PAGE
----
}

You get this error:

expected one of `!`, `:`, or `@`, found `)`
fn print_sum(x, y) {

This is a deliberate design decision. While full-program inference is possible, languages which have it, like Haskell, often suggest that documenting your types explicitly is a best-practice. We agree that forcing functions to declare types while allowing for inference inside of function bodies is a wonderful sweet spot between full inference and no inference.

What about returning a value? Here’s a function that adds one to an integer:


# #![allow(unused_variables)]
#fn main() {
fn add_one(x: i32) -> i32 {
    x + 1
}
#}

Rust functions return exactly one value, and you declare the type after an ‘arrow’, which is a dash (-) followed by a greater-than sign (>). The last line of a function determines what it returns. You’ll note the lack of a semicolon here. If we added it in:

fn add_one(x: i32) -> i32 {
    x + 1;
}

We would get an error:

error: not all control paths return a value
fn add_one(x: i32) -> i32 {
     x + 1;
}

help: consider removing this semicolon:
     x + 1;
          ^

This reveals two interesting things about Rust: it is an expression-based language, and semicolons are different from semicolons in other ‘curly brace and semicolon’-based languages. These two things are related.

Expressions vs. Statements

Rust is primarily an expression-based language. There are only two kinds of statements, and everything else is an expression.

So what’s the difference? Expressions return a value, and statements do not. That’s why we end up with ‘not all control paths return a value’ here: the statement x + 1; doesn’t return a value. There are two kinds of statements in Rust: ‘declaration statements’ and ‘expression statements’. Everything else is an expression. Let’s talk about declaration statements first.

In some languages, variable bindings can be written as expressions, not statements. Like Ruby:

x = y = 5

In Rust, however, using let to introduce a binding is not an expression. The following will produce a compile-time error:

let x = (let y = 5); // Expected identifier, found keyword `let`.

The compiler is telling us here that it was expecting to see the beginning of an expression, and a let can only begin a statement, not an expression.

Note that assigning to an already-bound variable (e.g. y = 5) is still an expression, although its value is not particularly useful. Unlike other languages where an assignment evaluates to the assigned value (e.g. 5 in the previous example), in Rust the value of an assignment is an empty tuple () because the assigned value can have only one owner, and any other returned value would be too surprising:


# #![allow(unused_variables)]
#fn main() {
let mut y = 5;

let x = (y = 6);  // `x` has the value `()`, not `6`.
#}

The second kind of statement in Rust is the expression statement. Its purpose is to turn any expression into a statement. In practical terms, Rust’s grammar expects statements to follow other statements. This means that you use semicolons to separate expressions from each other. This means that Rust looks a lot like most other languages that require you to use semicolons at the end of every line, and you will see semicolons at the end of almost every line of Rust code you see.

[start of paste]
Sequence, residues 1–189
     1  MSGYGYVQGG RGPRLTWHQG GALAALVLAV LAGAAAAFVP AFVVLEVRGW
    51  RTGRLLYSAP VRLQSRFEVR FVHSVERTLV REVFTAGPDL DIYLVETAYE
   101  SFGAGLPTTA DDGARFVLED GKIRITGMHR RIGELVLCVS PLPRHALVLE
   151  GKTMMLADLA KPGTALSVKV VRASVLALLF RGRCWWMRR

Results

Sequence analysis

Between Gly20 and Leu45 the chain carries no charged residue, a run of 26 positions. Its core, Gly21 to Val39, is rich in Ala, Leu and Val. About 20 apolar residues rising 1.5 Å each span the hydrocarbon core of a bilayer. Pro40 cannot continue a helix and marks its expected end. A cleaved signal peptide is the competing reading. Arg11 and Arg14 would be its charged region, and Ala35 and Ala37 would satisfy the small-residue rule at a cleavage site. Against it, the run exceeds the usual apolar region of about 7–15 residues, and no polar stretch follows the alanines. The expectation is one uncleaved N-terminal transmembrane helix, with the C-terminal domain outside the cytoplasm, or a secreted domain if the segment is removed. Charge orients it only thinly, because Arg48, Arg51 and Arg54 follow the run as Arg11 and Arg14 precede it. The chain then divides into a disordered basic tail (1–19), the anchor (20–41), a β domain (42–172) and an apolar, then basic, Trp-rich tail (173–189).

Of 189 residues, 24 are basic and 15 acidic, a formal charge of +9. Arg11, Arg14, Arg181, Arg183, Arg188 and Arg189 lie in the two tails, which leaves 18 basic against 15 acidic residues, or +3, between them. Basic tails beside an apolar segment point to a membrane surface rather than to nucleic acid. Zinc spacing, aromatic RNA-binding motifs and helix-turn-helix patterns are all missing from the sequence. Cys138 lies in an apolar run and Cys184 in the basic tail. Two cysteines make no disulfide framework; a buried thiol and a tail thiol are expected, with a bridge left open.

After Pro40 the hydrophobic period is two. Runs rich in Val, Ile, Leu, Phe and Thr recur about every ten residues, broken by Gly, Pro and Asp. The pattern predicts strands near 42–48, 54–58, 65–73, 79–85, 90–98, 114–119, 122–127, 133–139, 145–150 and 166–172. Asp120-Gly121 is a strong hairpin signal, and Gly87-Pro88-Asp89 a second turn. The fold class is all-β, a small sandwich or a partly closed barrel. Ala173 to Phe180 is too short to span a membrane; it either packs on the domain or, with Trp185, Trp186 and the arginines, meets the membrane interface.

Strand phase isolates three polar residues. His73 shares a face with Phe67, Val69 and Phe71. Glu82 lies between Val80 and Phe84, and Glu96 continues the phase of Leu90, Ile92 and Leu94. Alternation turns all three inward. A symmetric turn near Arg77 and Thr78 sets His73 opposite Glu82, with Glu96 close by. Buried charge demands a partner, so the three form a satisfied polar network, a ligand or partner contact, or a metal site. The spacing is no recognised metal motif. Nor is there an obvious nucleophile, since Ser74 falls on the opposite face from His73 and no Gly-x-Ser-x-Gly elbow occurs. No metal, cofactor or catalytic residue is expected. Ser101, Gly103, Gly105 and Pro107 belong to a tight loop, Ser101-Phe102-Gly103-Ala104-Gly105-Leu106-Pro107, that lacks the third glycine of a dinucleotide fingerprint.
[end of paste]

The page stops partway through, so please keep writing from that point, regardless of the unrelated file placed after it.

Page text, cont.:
What is this exception that makes us say “almost”? You saw it already, in this code:


# #![allow(unused_variables)]
#fn main() {
fn add_one(x: i32) -> i32 {
    x + 1
}
#}

Our function claims to return an i32, but with a semicolon, it would return () instead. Rust realizes this probably isn’t what we want, and suggests removing the semicolon in the error we saw before.

Early returns

But what about early returns? Rust does have a keyword for that, return:


# #![allow(unused_variables)]
#fn main() {
fn foo(x: i32) -> i32 {
    return x;

    // We never run this code!
    x + 1
}
#}

Using a return as the last line of a function works, but is considered poor style:


# #![allow(unused_variables)]
#fn main() {
fn foo(x: i32) -> i32 {
    return x + 1;
}
#}

The previous definition without return may look a bit strange if you haven’t worked in an expression-based language before, but it becomes intuitive over time.

Diverging functions

Rust has some special syntax for ‘diverging functions’, which are functions that do not return:


# #![allow(unused_variables)]
#fn main() {
fn diverges() -> ! {
    panic!("This function never returns!");
}
#}

panic! is a macro, similar to println!() that we’ve already seen. Unlike println!(), panic!() causes the current thread of execution to crash with the given message. Because this function will cause a crash, it will never return, and so it has the type ‘!’, which is read ‘diverges’.

If you add a main function that calls diverges() and run it, you’ll get some output that looks like this:

thread ‘main’ panicked at ‘This function never returns!’, hello.rs:2

If you want more information, you can get a backtrace by setting the RUST_BACKTRACE environment variable:

$ RUST_BACKTRACE=1 ./diverges